By Jamie Wendel
Early Monday morning on October 16, 2006, the punk rock venue CBGB officially closed its doors after a long fought battle between the club founder, Hilly Kristal, and venue’s landlords. For the past 33 years CBGB, located in the Bowery district of New York City, was the home to punk rock bands and their followers, famous for its dirty bathroom, three urinals, graffiti and warm beer. Although it was originally intended to be a venue for country, bluegrass, and blues music, CBGB became a venue for the punk rock and new wave music scene that emerged in New York City in the 1970s that Kristal agreed to book. Some of the most famous bands to play at the club were The Ramones, the Dictators, the Patti Smith Group, Blondie, Joan Jett, Television and the Talking Heads.
However, a rent dispute between Hilly Kristal, now 75 and undergoing chemotherapy treatments for lung cancer, and the Bowery Residents Commission forced Kristal to close the doors of CBGB. The Bowery Commission argued that Kristal owed them almost $100,000 in rent, which Kristal argued he was not informed of until it was too late. Unable to pay the sum, Kristal lost the legal battle. He was left without a lease and forced to close CBGB in its original location.
It seemed that every band that found their fame at CBGB wanted to say goodbye to the historical venue before it officially closed its doors. In the days leading up to its closing, a number of bands came to, in a sense, pay their respects to the club, its owner, and of course, their fans in a farewell set. In the final days, the bands Murphy’s Law, the Stimulators, the Bad Brains, the Dictators, the Waldos and Blondie played.
The farewell sets of past bands culminated on Sunday, CBGB’s closing night. Over the course of two and a half hours, Patti Smith and her band performed what would be the final set ever at CBGB. In the set, she performed her own work, largely from the album Horses, as well as covers from bands who made the club famous. She also highlighted her performance with stories about CBGB, as both a performer and as an audience member. For part of the set, Smith and her band were joined on stage by Flea, the bassist of the Red Hot Chili Peppers, and Richard Lloyd, one of the guitarists of the Television.
In the final song, Patti Smith’s emotions seemed to overwhelm her as she read out the names of deceased punk musicians who helped to shape CBGB over the past three decades, such as Johnny Ramone, Joey Ramone, Dee Dee Ramone, Johnny Thunders, and Richard Sohl. As she read their names and sang “Elegie”, her eyes welled up with tears while looking at the last audience to stand at CBGB. In an exclusive interview with Rolling Stone Magazine, Smith described the emotion she felt at this particular moment:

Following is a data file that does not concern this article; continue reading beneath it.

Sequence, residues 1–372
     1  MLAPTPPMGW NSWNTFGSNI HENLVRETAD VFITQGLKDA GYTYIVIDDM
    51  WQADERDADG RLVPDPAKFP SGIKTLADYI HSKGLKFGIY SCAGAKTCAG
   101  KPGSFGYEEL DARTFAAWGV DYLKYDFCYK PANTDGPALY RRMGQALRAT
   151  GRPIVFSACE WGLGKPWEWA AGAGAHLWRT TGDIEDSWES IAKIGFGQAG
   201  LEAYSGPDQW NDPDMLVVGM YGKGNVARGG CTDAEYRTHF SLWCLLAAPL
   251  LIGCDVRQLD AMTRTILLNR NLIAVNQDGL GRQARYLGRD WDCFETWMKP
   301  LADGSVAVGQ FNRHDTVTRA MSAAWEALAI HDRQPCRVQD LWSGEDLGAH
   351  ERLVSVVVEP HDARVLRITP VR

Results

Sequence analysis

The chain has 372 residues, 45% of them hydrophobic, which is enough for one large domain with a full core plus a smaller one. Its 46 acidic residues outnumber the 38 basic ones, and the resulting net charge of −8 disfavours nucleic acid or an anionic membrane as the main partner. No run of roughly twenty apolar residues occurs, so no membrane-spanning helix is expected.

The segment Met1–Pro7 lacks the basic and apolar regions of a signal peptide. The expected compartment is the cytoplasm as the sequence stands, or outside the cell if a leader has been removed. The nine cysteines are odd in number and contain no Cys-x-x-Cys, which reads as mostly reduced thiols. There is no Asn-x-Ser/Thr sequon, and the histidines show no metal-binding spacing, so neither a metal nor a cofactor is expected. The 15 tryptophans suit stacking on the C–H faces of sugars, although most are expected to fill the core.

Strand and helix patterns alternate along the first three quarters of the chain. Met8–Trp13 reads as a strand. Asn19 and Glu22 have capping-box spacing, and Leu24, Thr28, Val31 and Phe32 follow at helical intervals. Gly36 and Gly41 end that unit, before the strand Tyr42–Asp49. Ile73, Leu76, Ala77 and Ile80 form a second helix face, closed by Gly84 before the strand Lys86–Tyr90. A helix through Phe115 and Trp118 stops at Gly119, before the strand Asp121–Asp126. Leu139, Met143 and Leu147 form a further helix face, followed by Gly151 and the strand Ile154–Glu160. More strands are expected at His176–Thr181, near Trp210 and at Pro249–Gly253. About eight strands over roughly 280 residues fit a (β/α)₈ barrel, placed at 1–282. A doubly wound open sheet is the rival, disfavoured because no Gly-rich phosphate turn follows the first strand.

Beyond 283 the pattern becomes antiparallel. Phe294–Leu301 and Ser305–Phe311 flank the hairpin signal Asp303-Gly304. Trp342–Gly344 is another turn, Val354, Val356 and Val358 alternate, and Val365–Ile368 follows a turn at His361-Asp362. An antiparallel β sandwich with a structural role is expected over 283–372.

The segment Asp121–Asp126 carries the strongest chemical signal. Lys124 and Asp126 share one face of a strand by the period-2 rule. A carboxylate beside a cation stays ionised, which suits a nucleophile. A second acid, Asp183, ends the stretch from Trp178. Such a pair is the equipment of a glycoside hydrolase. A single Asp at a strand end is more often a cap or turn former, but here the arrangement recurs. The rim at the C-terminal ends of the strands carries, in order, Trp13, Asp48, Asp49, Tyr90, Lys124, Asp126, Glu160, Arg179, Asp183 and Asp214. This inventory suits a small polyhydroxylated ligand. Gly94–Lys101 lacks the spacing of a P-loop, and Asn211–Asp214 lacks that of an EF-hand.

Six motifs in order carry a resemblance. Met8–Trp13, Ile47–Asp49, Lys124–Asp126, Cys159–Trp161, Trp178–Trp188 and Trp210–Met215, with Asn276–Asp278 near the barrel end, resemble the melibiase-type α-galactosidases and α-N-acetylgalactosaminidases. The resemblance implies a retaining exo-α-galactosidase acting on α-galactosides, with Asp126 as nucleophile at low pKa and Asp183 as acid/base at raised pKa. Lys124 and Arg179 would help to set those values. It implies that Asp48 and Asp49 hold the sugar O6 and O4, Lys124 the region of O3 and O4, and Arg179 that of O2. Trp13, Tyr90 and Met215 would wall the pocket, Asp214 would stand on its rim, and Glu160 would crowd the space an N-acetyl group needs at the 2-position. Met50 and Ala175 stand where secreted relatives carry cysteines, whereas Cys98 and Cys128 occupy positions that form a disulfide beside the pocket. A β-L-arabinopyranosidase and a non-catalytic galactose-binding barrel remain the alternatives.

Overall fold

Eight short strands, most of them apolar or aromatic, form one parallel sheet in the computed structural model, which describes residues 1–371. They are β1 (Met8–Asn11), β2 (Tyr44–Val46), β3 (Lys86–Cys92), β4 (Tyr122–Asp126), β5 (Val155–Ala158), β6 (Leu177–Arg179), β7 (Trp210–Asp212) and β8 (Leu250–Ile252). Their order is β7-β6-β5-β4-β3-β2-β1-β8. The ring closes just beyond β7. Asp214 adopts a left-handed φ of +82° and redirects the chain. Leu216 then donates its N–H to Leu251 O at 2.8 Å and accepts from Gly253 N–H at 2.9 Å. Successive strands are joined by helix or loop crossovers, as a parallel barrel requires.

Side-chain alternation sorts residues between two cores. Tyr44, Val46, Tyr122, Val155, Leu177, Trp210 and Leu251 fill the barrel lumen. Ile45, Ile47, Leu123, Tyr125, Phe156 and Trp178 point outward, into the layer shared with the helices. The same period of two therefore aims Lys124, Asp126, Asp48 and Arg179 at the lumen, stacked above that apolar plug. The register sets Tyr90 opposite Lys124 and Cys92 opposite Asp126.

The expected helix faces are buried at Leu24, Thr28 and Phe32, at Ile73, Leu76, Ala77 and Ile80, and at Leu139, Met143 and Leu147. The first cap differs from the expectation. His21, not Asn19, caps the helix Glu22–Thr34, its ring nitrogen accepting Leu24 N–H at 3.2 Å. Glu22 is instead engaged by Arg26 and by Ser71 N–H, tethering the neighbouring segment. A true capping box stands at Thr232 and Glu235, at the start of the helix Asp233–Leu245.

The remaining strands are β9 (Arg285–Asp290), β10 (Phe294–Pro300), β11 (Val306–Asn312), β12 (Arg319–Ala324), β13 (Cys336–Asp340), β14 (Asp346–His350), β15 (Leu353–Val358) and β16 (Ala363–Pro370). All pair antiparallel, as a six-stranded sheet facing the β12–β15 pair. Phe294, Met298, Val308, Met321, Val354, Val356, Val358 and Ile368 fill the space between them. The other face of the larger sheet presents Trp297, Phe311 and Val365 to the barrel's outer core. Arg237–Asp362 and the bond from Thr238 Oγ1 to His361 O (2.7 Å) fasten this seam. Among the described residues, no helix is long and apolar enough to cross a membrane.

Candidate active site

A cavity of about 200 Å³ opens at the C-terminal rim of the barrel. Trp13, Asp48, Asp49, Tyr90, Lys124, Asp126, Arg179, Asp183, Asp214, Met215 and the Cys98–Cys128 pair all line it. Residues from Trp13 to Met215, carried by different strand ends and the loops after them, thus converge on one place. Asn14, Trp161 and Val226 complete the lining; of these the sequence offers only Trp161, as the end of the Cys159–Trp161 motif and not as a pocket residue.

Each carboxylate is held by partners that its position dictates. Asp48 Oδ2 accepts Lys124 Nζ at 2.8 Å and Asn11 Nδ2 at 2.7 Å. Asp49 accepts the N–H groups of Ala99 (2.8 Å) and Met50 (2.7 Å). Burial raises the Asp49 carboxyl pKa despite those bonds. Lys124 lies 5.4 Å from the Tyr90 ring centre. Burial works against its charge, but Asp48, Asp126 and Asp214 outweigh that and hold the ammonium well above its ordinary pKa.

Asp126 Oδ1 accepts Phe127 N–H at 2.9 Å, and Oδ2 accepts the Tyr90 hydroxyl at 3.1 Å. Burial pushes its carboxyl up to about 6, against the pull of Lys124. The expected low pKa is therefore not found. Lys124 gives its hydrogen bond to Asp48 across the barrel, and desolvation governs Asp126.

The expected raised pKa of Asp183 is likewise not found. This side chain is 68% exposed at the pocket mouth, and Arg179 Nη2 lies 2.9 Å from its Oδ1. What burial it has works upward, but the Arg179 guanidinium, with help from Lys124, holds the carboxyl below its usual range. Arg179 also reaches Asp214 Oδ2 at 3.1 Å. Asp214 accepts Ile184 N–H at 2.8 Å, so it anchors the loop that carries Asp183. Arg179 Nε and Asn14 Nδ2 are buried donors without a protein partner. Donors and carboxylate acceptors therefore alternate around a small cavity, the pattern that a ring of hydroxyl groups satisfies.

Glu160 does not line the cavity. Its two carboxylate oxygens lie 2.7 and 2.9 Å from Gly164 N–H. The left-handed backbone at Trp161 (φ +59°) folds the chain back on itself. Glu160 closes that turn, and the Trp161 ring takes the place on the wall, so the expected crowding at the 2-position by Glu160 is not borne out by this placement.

As I was reading that little list, those people seemed in that moment — because of the intense emotional energy in that room — to be alive. Everyone in the room knew or heard of or loved one of those people. That collective love and sorrow and recognition made those people seem as alive as any of us.
For many at CBGB, the final night was a celebration; a reunion for past performers, employees, and fans. Old friends and strangers alike hugged and rubbed shoulders in the audience. A former employee, looking back on her days at CBGB, remarked that, “It was amazing. It was wonderful to be a part of history, to be a part of a place that was part of the music scene.” Another musician reminisced, “A lot of bittersweet memories are coming back. C’est la vie.”
While some reminisced about the past of CBGB, others expressed fear for the future of underground music venues. One musician remarked on the closing of small rock clubs, “It seems to be happening everywhere. It’s the gentrification of America, it’s all whitewashed.” Others expressed fear not only for the future of music venues, but for the New York and American music scenes in general. Another fan and former performer said, “Manhattan’s turning into Disneyland. You’ll never see another Blondie or Patti Smith or Dictators, because this was before everything turned into videos and what you’re wearing. I mean Jessica Simpson is a pop star.”
For Patti Smith and many others, the final thought on CBGB is hopeful. In her set, Smith told the audience, “It’s not a fucking temple — it is what it is.” This will serve as a reminder to an audience disillusioned over the closing of the home of punk rock that it is not the venue that made the music, but the people. She said, “Screw CBGB. It’s nothing. What makes it is the people and their collective energy. The people make CBGB. You can all start your own.” Whether CBGB is relocated to another location in New York City or to Las Vegas, CBGB will live on in the memories of the performers, employees, and audiences, all of whom are ultimately devoted fans.